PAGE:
When a marriage ends, a couple’s hurt and disdain towards each other don’t just magically disappear overnight. So, when it comes raising your kids in harmony together after a high conflict separation or divorce – otherwise known as co-parenting – what do you do if you and your ex can’t set aside your differences? Fortunately, there is more than one parenting plan available for divorced parents.

What is parallel parenting?

Unlike with co-parenting, exes who follow a parallel parenting plan will have very limited contact with each other. While they will communicate to consult one another about their child on a basic level, essentially, both parents will have separate lives and parenting styles that run parallel to each other but never intersect.

While co-parenting offers children the benefit of consistency across both parents’ households and more structure, sometimes co-parenting peacefully with an ex-spouse simply isn’t an option.

What are the benefits of parallel parenting?

If rising above past resentments towards an ex-spouse isn’t feasible or you have differing opinions on house rules or child-rearing, parallel parenting might be in the best interests of you and your children. Some benefits that parallel parenting offers to families include:

  • Reducing conflict with your ex: When you limit your interactions with a difficult ex, it usually means there are less opportunities for conflicts to arise. It can be harmful for your child to witness high conflict during and after a divorce. With parallel parenting, you can ensure you don’t make your kids feel as though they must choose sides.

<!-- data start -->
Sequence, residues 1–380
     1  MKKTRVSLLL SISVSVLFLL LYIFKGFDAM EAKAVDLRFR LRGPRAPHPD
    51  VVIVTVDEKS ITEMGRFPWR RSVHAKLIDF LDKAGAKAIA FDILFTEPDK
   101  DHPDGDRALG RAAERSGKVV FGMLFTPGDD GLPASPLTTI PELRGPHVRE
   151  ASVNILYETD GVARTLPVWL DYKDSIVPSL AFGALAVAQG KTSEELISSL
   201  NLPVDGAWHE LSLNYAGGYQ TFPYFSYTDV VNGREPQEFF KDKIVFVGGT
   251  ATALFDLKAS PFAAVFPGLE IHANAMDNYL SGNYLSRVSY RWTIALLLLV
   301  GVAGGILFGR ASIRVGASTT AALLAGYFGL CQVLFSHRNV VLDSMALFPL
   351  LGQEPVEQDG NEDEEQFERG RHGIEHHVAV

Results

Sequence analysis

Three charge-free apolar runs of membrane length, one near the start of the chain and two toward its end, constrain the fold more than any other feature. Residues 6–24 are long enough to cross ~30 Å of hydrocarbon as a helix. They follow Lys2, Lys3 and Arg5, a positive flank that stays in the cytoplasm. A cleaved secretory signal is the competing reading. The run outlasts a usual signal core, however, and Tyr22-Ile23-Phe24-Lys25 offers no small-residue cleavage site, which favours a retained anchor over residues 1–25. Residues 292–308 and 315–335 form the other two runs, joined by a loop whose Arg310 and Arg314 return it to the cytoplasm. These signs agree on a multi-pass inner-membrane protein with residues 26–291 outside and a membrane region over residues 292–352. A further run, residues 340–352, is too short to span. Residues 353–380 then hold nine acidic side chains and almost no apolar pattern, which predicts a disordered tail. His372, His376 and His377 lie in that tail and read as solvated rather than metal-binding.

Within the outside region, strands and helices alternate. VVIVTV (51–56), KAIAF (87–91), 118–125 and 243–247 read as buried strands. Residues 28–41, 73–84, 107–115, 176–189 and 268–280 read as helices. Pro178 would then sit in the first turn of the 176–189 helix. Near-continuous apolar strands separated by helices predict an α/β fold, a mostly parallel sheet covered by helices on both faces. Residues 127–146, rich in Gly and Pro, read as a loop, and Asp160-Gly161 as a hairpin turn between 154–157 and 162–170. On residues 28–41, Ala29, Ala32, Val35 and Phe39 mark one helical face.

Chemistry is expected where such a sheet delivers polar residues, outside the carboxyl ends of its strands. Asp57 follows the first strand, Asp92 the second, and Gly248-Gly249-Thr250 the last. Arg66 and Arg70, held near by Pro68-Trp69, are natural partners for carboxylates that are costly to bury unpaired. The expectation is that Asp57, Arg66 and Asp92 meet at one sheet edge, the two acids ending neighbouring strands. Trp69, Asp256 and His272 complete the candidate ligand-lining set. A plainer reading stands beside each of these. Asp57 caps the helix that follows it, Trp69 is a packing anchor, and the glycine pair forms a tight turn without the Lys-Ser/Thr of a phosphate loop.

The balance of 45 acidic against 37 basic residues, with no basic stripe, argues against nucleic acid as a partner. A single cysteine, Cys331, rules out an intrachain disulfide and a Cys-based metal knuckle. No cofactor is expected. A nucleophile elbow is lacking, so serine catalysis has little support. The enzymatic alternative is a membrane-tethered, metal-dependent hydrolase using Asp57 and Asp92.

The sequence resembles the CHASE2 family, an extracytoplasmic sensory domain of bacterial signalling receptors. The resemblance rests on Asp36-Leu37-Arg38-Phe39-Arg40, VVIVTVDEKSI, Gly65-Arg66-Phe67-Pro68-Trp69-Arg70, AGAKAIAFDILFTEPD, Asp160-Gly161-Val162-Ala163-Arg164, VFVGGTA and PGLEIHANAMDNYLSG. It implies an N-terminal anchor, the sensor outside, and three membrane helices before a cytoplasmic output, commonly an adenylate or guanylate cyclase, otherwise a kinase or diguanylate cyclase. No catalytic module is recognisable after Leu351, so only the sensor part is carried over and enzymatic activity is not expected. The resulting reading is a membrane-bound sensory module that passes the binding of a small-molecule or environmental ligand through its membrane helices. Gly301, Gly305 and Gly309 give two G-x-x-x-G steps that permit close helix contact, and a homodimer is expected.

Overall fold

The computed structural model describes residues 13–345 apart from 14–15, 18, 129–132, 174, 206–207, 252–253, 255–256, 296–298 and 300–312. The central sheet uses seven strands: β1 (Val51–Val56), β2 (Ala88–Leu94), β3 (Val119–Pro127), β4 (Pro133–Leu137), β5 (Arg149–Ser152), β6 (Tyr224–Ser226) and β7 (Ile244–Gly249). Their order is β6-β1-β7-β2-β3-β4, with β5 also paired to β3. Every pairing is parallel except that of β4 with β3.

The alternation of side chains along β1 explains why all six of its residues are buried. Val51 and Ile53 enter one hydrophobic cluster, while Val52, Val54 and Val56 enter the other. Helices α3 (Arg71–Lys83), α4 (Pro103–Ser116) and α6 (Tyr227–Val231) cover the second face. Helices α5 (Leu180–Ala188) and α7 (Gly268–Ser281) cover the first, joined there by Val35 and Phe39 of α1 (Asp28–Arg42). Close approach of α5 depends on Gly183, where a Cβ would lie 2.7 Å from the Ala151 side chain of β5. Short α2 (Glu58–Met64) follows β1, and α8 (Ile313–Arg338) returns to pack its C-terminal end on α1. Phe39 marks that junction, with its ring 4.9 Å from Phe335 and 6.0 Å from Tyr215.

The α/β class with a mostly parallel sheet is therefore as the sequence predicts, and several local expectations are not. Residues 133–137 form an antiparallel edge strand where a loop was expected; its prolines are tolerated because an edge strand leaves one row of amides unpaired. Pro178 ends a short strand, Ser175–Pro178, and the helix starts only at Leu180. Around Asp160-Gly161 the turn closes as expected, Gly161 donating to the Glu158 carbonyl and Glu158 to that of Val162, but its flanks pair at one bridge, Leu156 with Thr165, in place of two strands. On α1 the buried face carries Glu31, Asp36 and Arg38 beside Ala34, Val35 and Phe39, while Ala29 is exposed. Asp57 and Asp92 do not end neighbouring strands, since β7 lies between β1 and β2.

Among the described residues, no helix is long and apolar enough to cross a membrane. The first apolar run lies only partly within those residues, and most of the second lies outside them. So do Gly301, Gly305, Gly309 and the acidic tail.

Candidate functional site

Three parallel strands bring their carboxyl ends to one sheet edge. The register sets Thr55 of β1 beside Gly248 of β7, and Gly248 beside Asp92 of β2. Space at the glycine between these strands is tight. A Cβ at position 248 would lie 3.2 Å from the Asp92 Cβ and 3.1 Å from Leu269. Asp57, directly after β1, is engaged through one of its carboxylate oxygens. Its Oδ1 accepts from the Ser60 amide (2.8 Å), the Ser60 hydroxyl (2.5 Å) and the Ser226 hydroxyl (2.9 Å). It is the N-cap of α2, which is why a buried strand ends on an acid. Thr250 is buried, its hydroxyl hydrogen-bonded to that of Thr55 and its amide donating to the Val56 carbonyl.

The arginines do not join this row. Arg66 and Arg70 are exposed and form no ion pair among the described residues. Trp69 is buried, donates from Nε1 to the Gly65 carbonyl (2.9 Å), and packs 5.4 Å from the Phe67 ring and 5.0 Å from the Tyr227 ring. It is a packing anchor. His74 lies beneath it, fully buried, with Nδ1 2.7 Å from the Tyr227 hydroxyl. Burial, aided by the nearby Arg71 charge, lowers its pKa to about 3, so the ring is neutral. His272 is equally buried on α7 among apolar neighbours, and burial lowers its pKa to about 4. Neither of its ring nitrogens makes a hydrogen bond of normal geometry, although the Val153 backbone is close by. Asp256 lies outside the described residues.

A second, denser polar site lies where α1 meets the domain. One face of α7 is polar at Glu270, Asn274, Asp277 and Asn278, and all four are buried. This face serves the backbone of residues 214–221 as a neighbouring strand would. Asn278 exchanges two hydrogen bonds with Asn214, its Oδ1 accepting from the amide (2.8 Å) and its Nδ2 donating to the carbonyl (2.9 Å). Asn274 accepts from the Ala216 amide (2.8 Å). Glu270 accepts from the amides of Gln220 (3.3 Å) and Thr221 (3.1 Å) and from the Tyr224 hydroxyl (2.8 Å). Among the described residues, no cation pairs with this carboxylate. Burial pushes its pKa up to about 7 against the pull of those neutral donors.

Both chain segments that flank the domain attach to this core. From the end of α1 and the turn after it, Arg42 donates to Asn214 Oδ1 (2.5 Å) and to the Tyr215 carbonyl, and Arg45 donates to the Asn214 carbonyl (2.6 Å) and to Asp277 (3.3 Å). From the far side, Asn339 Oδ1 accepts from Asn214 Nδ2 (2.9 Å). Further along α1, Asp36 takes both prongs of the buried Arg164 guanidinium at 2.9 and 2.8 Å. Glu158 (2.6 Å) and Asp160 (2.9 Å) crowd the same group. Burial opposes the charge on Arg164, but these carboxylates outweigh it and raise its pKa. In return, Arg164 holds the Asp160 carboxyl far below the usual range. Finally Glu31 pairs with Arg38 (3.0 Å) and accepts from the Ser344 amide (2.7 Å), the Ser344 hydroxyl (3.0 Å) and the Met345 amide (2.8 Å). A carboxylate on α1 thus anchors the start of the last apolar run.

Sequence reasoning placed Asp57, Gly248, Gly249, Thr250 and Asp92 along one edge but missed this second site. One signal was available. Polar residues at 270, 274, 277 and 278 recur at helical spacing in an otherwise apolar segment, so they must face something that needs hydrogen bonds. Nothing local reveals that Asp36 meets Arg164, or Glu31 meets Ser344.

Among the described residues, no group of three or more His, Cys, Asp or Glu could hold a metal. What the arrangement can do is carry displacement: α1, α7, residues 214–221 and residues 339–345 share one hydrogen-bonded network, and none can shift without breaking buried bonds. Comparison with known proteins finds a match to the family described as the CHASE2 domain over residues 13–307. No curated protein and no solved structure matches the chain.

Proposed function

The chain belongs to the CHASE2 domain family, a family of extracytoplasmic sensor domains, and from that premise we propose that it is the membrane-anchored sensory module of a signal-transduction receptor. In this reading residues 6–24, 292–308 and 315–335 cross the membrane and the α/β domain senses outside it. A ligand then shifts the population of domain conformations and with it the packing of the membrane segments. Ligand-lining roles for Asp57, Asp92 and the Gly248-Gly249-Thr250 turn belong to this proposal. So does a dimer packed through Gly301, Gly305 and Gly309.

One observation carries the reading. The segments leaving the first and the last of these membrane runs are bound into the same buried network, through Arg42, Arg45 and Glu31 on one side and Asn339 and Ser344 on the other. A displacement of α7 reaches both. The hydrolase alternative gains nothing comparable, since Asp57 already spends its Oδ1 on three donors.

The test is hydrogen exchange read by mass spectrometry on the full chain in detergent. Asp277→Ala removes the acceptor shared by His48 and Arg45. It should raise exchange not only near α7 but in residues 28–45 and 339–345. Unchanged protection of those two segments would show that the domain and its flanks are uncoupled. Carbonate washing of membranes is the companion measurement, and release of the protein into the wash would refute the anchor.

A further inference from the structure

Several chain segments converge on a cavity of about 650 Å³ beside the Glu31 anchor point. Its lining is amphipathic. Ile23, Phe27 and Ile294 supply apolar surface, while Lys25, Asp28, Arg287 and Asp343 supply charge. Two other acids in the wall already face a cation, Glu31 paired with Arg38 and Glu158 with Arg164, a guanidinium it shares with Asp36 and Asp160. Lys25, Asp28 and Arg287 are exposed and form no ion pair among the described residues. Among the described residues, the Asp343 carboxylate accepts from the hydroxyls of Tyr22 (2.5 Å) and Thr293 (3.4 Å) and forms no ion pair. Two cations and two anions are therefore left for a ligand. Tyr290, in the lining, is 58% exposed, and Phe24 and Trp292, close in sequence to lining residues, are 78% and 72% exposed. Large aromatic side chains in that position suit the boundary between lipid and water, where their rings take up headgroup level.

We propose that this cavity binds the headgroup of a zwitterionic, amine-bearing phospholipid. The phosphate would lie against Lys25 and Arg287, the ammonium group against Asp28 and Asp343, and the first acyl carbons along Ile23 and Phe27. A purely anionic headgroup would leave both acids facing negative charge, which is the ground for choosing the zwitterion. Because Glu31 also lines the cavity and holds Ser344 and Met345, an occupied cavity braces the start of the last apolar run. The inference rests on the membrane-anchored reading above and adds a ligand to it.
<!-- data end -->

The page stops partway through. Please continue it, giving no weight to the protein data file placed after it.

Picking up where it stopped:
• Honoring individual parenting styles: After a divorce, some ex-couples have great difficulty agreeing on things such as education, discipline, house rules, religion or overall parenting styles. However, with parallel parenting, you don’t have to compromise over how you raise your child in your home.
  • Create a conflict-free environment: In some instances, parallel parenting is the best way to reduce stress and anxiety in children. By limiting in-person interactions with your ex, you can provide a more peaceful and supportive environment for your child to thrive.

Whether you are on peaceful terms with your ex or mortal enemies, raising a child together after divorce will always come with unique challenges. Fortunately, by finding the right parenting plan, you can help your child adjust to their new way of life.